Sometimes, drains clog. It is inevitable that at some point in your life you will have to deal with a clogged drain in your home and to save yourself some money it is helpful to know all of the ways you can unblock a drain.
Why do drains clog?
A completely clogged drain could be caused by any number of things, some of which depend on where in your home the clogged drain is. For example, kitchen sinks tend to clog due to residue from fat and cooking grease, dish detergent, or dish soap, as well as leftovers getting caught in the drain pipes. Kitchen sinks with a garbage disposal are even more likely to clog, as food is regularly pushed through the drain. Alternatively, bathroom sinks are more likely to clog from too much cosmetic product, hair clogs, and possibly foreign objects like toothpaste caps and interdental brushes. Bathtub drain clogs are usually caused by product residue, soap scum, foreign objects, and hair clogs.
Regardless of whether it is your bathroom sink, exterior drain, or your shower drain, a drain clog can be really irritating. It can lead to a slow drain, which can cause mold and mildew in your bathroom and kitchen, and it, if left alone, despite being an unseen part of the home can produce a truly foul odour. However you dont always need to find a plumber.
Natural ways to unblock a drain
There are lots of ways to unblock a drain, but many people prefer to use natural methods over the alternative. This is often due to cost as well as ease, but it can also be better for your pipe system to use less corrosive, natural methods of unblocking.
This method works best for organic clogs like grease, fat, food and soap scum. It is unlikely to have much of an effect on clogs caused by foreign objects or unsettled ground.
To fix your drain clog, pour boiling water down the drain. This will flush the drain and pipes with water, and should work to melt and then rinse away any oil, small debris, soap scum, or fats caught in your pipes. You can use either hot water from your tap for this, or you can use boiling water from the kettle.
It is recommended that you use boiling water or very hot water from your sink rather than boiling water in a kettle to use on your drain if your pipes are made from PVC. If you pour boiling water from the kettle down a drain and into PVC pipes, the boiling water can deform them. The hot water can lead to the pipes reshaping, which can then result in pinhole leaks within the pipe and restricted water flow. If left, these can further develop into long-term issues within the pipe.
Flushing the system with boiling water regularly, even when your drain is not clogged, can help to avoid getting a clogged drain.
Baking soda and vinegar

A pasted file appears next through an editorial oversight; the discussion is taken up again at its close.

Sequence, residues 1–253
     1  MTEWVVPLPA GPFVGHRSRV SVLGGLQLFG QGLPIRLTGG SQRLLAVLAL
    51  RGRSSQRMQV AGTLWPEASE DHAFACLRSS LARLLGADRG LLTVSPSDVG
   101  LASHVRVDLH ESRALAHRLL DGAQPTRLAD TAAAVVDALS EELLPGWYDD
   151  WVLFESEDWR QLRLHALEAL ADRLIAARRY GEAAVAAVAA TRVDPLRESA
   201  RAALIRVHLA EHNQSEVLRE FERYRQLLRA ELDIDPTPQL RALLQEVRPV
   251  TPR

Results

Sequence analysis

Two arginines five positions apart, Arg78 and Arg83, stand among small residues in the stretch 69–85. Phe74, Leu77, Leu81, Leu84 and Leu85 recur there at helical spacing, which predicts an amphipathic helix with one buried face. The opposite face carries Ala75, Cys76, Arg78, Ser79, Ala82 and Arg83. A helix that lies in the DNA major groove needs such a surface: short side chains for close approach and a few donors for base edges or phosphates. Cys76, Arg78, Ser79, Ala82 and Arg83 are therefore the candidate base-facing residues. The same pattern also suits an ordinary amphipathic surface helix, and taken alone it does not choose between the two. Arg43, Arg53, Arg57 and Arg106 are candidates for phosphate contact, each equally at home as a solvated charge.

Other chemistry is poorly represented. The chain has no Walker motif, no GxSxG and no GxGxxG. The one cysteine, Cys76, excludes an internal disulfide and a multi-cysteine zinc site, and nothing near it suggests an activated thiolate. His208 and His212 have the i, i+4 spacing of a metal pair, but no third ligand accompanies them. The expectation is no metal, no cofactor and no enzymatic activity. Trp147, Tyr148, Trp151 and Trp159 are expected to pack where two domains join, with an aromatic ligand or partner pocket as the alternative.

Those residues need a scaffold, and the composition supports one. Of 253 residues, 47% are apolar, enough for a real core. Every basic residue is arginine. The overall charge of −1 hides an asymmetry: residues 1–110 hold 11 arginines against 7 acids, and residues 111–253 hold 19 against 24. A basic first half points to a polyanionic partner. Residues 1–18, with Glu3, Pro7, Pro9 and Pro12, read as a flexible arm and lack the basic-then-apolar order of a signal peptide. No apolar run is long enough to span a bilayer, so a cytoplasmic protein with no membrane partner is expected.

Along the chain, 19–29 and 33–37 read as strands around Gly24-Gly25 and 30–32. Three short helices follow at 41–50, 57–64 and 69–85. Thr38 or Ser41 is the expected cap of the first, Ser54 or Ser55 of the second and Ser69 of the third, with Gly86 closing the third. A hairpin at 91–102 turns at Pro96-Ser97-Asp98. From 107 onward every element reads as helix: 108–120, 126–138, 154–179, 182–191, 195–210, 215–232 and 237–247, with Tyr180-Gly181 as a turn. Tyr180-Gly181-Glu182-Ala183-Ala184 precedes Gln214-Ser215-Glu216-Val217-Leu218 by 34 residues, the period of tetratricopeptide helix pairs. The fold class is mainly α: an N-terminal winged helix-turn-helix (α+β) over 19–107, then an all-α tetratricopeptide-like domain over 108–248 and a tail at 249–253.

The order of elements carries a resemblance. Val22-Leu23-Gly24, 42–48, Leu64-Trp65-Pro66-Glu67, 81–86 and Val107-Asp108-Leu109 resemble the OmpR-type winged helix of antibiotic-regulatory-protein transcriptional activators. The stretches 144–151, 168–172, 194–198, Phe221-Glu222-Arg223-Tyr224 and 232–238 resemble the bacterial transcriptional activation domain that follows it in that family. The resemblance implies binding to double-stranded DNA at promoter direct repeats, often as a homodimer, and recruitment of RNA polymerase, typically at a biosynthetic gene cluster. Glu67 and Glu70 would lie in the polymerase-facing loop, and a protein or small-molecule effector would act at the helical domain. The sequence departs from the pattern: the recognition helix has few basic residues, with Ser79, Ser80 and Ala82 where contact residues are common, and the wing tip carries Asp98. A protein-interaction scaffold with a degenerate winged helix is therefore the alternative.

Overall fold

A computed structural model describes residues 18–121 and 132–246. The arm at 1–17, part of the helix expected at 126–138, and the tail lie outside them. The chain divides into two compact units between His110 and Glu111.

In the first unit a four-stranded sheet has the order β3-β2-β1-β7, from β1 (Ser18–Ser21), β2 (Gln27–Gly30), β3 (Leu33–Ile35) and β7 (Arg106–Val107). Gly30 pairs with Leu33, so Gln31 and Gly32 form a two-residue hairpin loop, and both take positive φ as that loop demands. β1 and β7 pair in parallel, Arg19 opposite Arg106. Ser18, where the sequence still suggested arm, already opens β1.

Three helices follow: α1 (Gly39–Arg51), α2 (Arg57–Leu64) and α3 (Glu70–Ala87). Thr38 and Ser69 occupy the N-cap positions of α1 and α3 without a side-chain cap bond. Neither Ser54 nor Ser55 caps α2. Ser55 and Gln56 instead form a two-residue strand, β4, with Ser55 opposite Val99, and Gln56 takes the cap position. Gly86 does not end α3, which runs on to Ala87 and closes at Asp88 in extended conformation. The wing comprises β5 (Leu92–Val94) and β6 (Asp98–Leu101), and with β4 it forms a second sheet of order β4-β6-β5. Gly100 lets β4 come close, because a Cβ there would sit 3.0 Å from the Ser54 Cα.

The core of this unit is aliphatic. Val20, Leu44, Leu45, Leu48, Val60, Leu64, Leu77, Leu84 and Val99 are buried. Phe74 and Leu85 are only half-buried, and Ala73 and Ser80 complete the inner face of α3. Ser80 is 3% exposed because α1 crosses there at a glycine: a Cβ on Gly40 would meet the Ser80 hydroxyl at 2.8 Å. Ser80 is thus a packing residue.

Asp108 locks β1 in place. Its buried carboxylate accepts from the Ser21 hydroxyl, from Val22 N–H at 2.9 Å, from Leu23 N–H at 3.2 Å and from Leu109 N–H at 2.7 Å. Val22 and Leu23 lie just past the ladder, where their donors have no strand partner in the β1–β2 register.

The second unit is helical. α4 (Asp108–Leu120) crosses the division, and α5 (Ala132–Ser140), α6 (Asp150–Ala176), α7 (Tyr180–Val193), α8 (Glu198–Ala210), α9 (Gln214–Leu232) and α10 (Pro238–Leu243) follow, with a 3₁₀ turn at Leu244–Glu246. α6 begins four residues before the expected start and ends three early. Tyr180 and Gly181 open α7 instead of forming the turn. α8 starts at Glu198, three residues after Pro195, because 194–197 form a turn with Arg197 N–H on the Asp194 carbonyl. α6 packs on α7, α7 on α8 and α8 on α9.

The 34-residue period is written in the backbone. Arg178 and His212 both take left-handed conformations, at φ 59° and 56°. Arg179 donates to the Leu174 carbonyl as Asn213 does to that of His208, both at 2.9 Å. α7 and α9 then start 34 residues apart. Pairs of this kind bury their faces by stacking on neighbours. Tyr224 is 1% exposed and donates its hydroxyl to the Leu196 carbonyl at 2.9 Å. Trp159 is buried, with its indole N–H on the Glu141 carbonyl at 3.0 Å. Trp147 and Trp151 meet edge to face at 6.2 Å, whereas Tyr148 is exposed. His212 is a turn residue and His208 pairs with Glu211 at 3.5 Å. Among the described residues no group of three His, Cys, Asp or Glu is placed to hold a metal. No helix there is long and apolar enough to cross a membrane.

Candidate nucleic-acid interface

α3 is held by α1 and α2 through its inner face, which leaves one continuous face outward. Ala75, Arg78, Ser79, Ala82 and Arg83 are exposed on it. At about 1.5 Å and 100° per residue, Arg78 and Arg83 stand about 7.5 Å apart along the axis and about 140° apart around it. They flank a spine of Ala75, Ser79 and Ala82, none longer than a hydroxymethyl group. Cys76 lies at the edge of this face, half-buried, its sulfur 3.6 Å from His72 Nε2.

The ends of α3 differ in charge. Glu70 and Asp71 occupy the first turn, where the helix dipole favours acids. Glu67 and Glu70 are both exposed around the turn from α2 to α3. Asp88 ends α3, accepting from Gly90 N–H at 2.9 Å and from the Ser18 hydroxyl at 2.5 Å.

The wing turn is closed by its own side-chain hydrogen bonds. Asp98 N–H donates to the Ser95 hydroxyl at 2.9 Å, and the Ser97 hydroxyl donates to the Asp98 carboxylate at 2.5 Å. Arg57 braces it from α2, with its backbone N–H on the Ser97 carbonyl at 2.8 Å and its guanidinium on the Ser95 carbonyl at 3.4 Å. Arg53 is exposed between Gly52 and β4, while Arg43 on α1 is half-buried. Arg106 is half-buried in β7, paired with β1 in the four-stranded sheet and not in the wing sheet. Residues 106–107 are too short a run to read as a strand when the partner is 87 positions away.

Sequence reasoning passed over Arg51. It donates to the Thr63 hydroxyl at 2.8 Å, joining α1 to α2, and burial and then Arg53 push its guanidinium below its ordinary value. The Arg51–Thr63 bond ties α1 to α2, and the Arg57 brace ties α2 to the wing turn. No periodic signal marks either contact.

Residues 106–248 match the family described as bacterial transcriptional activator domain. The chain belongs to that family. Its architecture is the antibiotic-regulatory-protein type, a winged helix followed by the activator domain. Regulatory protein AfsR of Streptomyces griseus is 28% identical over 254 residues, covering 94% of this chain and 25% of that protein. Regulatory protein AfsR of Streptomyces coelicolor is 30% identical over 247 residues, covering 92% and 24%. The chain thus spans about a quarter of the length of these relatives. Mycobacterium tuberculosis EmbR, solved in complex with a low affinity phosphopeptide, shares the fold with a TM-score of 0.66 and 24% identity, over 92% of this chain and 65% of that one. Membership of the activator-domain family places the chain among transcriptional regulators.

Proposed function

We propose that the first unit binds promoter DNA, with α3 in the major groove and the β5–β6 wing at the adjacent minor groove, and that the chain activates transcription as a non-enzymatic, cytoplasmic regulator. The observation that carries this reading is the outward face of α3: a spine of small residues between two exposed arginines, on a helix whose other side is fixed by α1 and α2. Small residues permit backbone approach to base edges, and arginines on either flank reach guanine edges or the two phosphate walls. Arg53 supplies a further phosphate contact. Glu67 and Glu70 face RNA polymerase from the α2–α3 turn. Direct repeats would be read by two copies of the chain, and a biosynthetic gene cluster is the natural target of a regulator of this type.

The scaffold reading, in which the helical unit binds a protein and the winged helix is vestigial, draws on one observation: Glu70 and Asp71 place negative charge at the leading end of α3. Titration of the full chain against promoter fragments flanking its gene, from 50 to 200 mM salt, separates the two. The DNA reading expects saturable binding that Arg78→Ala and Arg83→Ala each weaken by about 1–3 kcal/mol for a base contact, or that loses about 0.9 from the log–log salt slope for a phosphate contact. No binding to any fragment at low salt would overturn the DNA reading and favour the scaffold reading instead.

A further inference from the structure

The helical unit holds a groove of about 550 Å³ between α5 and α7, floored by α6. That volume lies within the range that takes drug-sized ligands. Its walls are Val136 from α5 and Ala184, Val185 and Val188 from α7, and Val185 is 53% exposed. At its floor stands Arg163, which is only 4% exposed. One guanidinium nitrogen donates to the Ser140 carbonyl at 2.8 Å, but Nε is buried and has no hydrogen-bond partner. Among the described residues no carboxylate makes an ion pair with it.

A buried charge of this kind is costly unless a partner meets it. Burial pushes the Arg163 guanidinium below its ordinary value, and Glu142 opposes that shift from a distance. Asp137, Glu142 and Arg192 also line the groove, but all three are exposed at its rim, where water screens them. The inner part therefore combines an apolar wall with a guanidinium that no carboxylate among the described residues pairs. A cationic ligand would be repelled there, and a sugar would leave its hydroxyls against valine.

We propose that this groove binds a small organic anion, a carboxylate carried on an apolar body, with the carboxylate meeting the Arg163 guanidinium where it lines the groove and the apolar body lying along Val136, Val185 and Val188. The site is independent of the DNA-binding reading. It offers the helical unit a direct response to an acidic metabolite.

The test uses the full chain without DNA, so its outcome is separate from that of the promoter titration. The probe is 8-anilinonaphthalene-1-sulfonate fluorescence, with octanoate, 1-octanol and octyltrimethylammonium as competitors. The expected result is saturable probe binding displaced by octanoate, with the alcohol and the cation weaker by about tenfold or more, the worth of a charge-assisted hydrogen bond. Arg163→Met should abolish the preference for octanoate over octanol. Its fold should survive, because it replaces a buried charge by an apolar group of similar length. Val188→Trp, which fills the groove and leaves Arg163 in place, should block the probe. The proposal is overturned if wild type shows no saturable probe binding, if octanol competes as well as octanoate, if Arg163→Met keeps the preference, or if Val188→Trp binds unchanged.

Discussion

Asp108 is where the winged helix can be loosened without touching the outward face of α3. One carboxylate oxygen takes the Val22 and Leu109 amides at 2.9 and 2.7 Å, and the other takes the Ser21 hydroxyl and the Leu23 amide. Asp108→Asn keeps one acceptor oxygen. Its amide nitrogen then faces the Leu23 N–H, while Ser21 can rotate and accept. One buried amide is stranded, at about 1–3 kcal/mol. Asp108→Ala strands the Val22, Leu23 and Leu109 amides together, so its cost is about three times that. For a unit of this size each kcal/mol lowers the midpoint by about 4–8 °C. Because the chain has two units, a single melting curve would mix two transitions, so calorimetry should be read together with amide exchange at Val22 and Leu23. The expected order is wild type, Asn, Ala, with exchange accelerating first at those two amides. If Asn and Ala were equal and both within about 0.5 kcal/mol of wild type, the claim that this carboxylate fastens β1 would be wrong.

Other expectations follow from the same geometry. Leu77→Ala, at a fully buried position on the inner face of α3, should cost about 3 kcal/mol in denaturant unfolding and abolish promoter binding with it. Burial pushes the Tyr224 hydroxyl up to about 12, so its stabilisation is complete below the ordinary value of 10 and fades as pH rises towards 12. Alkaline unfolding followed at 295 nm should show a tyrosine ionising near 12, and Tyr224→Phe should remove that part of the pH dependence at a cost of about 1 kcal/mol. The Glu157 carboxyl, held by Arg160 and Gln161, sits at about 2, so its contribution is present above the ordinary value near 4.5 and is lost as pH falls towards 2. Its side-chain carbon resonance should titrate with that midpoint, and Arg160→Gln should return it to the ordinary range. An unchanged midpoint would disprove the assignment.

The baking soda method is one of the easiest and most popular ways to clear out a drain. It involves using a mixture of baking soda and vinegar. The method works by mixing the two, filling your drains with a fizzing solution that breaks up anything in a clogged bathroom drain or any other organic clog.
You will need about two cups of baking soda, and the same amount of vinegar. Pour the baking soda first, and then add the vinegar in and leave the vinegar and baking soda to soak for a while. The two ingredients will begin to fizz and bubble in a chemical reaction and will work to dissolve oils and residues in your pipes.
After a few minutes (or for the best results, overnight) pour boiling water down the drain to flush away the vinegar and baking soda and the residue left after the chemical reaction.
Salt and boiling water
A less common cleaning method for clogged drains is simply table salt and boiling water. First, empty your sink. If you’re struggling with a slow drain this can be done using a bucket or a jug. Then, pour half a cup of table salt down your drain and leave it for 5 to 10 minutes.
After letting the salt sit, pour some very hot water or boiling water down your drain to flush away any debris, the hopefully now broken up clog, and the salt.
If you’ve tried all of these homemade drain cleaners and your blockage is still bothering you, it is time to break out the drain snake, comments waste expert Luke Hancock. This is one of the last things you should try before admitting defeat and calling a professional plumber. A drain snake essentially does what baking soda and vinegar do – it breaks up the clog in your clogged drain, letting water past it and washing away whatever the clog was.
To make your own drain snake, you will simply need a wire coat hanger. Unwrap the head of the hanger and bend it into a straight line. Then bend one end of the hanger to form a small hook.
Using either your DIY drain snake or a purchased one, push the snake into your drain opening or toilet, and use it to break up the drain clog. You can then pull out whatever is clogging the drain using the hook.
This method is particularly useful for toilets, long drains, and blocks caused by hair clogs.
Clean out the P trap
If you’re dealing with a blocked kitchen sink or a bathroom sink drain, you can always try a more technical approach to your clogged drain. Rather than using drain cleaner or sodium bicarbonate, you can try to clean out the P trap. This is the U-bend pipe underneath the sink, and it is particularly likely to clog as it is where a lot of hair, grease, and food collects.
To clean out the P trap, you’ll need tools and gloves, and a bucket. Turn off your water first, then loosen the P-trap and take it outside to clean it out. Reinstall when done, and turn your water back on.
When to call a plumber
If you’ve tried all of these methods to clean out your drains and unclog a blocked drain, it is time to call a plumber. If you don’t, the blockage might grow and you might begin to notice drain flies and a foul smell.